Mechanical Engineering - Research Publications
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ItemOn the streamwise evolution of turbulent boundary layers in arbitrary pressure gradientsPerry, A. E. ; Marusic, I. ; Jones, M. B. (Cambridge University Press, 2002)A new approach to the classic closure problem for turbulent boundary layers is presented. This involves, first, using the well-known mean-flow scaling laws such asthe log law of the wall and the law of the wake of Coles (1956) together with the mean continuity and the mean momentum differential and integral equations. The important parameters governing the flow in the general non-equilibrium case are identified and are used for establishing a framework for closure. Initially closure is achieved here empirically and the potential for achieving closure in the future using the wall-wake attached eddy model of Perry & Marusic (1995) is outlined. Comparisons are made with experiments covering adverse-pressure-gradient flows in relaxing and developing states and flows approaching equilibrium sink flow. Mean velocity profiles, total shear stress and Reynolds stress profiles can be computed for different streamwise stations, given an initial upstream mean velocity profile and the streamwise variation of free-stream velocity. The attached eddy model of Perry & Marusic (1995) can then be utilized, with some refinement, to compute the remaining unknown quantities such as Reynolds normal stresses and associated spectra and cross-power spectra in the fully turbulent part of the flow.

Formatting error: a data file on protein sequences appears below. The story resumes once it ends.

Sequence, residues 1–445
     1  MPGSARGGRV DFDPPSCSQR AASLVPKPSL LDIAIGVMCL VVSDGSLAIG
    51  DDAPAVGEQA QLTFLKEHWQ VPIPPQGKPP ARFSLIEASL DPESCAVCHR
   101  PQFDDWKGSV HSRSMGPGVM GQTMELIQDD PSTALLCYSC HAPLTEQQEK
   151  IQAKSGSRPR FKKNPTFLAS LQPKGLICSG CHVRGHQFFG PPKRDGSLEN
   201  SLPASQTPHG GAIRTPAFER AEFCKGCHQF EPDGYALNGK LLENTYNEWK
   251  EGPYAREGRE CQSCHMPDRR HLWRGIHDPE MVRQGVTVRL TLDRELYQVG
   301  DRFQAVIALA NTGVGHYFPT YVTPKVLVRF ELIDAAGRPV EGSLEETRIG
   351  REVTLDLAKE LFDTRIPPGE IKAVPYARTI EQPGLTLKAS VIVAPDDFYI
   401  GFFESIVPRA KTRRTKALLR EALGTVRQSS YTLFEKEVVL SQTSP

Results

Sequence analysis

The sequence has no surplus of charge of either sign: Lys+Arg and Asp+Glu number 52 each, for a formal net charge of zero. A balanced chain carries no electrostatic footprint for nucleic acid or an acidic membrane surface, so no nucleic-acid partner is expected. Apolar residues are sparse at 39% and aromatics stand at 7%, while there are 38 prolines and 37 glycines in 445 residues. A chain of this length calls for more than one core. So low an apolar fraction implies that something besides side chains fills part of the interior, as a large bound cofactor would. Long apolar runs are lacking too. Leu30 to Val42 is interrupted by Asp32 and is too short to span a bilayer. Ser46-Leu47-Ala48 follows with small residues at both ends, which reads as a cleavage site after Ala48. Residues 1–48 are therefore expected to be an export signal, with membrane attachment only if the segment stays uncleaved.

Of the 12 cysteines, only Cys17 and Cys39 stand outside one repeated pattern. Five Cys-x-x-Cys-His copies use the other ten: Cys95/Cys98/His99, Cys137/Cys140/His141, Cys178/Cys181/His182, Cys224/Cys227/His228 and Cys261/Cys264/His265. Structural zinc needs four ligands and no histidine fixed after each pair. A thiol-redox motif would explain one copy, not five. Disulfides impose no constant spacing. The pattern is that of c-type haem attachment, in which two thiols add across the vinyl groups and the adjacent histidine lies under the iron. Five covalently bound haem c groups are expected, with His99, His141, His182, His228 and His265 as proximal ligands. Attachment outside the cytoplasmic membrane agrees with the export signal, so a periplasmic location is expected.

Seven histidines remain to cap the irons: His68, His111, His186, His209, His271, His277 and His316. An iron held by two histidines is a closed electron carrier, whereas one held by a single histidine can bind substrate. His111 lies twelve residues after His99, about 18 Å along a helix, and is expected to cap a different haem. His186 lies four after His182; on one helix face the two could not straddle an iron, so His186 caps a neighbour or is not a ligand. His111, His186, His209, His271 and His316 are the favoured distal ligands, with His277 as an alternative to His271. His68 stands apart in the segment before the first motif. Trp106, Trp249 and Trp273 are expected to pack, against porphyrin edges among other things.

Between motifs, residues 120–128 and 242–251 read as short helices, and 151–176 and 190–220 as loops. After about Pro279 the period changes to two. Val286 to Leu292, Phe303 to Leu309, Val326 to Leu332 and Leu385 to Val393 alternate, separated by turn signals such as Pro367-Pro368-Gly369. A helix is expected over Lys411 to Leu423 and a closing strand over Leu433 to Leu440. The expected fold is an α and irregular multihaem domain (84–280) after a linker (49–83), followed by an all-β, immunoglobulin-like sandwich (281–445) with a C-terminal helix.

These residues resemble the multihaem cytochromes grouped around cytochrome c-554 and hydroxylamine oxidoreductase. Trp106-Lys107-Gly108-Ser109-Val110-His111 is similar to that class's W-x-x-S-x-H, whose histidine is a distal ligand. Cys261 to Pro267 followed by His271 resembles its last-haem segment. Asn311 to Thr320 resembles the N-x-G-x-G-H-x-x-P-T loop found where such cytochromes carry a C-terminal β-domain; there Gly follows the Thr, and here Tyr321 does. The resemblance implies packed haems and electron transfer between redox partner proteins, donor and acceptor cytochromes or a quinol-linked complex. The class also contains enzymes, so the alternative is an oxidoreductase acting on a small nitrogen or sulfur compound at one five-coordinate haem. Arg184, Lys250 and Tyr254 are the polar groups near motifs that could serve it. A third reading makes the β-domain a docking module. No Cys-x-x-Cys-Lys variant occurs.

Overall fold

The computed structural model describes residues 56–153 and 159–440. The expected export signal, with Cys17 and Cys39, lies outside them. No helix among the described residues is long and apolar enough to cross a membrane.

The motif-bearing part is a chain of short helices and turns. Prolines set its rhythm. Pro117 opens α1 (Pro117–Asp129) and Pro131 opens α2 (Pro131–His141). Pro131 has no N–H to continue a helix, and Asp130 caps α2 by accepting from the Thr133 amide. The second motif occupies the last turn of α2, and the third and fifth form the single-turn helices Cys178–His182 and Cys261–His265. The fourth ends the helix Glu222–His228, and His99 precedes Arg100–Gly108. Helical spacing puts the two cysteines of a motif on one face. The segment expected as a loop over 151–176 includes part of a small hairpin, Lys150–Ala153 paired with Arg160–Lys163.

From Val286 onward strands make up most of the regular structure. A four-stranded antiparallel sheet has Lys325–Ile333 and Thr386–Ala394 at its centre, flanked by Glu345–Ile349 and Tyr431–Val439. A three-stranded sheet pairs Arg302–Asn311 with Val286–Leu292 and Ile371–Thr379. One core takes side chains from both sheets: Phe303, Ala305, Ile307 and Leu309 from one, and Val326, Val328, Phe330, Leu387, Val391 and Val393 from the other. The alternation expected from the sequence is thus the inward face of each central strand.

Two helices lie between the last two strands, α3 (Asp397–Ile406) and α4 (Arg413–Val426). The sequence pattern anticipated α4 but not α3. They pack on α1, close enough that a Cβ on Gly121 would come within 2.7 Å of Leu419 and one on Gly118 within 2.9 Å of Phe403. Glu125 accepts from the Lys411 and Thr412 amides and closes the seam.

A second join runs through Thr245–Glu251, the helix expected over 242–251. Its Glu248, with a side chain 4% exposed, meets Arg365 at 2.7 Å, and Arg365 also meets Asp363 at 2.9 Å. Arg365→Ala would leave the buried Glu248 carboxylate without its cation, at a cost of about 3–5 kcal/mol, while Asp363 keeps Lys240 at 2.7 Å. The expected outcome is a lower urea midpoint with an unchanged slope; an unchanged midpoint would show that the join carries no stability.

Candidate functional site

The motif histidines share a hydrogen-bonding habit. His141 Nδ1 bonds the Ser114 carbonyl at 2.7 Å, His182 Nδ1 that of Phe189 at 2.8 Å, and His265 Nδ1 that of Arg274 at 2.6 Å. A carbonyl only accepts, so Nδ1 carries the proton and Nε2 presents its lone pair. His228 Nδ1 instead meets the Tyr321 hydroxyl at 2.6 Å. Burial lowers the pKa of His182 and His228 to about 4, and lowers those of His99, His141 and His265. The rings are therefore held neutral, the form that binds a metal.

ItemEvolution and structure of sink-flow turbulent boundary layersJones, M. B. ; MARUSIC, IVAN ; Perry, A. E. ( 2001)An experimental and theoretical investigation of turbulent boundary layers developing in a sink-flow pressure gradient was undertaken. Three flow cases were studied, corresponding to different acceleration strengths. Mean-flow measurements were taken for all three cases, while Reynolds stresses and spectra measurements were made for two of the flow cases. In this study attention was focused on the evolution of the layers to an equilibrium turbulent state. All the layers were found to attain a state very close to precise equilibrium. This gave equilibrium sink flow data at higher Reynolds numbers than in previous experiments. The mean velocity profiles were found to collapse onto the conventional logarithmic law of the wall. However, for profiles measured with the Pitot tube, a slight ‘kick-up’ from the logarithmic law was observed near the buffer region, whereas the mean velocity profiles measured with a normal hot wire did not exhibit this deviation from the logarithmic law. As the layers approached equilibrium, the mean velocity profiles were found to approach the pure wall profile and for the highest level of acceleration Π was very close to zero, where Π is the Coles wake factor. This supports the proposition of Coles (1957), that the equilibrium sink flow corresponds to pure wall flow. Particular interest was also given to the evolutionary stages of the boundary layers, in order to test and further develop the closure hypothesis of Perry, Marusic & Li (1994). Improved quantitative agreement with the experimental results was found after slight modification of their original closure equation.
ItemNew evolution equations for turbulent boundary layers in arbitrary pressure gradientsPerry, A. E. ; Marusic, I. ; Jones, M. B. (Indian Academy of Sciences, 1998)A new approach to the classical closure problem for turbulent boundary layers is presented. This involves using the well-known mean-flow scaling laws such as Prandtl's law of the wall and the law of the wake of Coles together with the mean continuity and the mean momentum differential and integral equations. The important parameters governing the flow in the general non-equilibrium case are identified and are used for establishing a framework for closure. Initially, closure is done here empirically from the data but the framework is most suitable for applying the attached eddy hypothesis in future work. How this might be done is indicated here.